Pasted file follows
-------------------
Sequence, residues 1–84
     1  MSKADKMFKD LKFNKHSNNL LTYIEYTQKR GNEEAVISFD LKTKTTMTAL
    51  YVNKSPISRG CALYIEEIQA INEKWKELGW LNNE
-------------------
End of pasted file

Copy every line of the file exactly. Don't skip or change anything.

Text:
Sequence, residues 1–84
     1  MSKADKMFKD LKFNKHSNNL LTYIEYTQKR GNEEAVISFD LKTKTTMTAL
    51  YVNKSPISRG CALYIEEIQA INEKWKELGW LNNE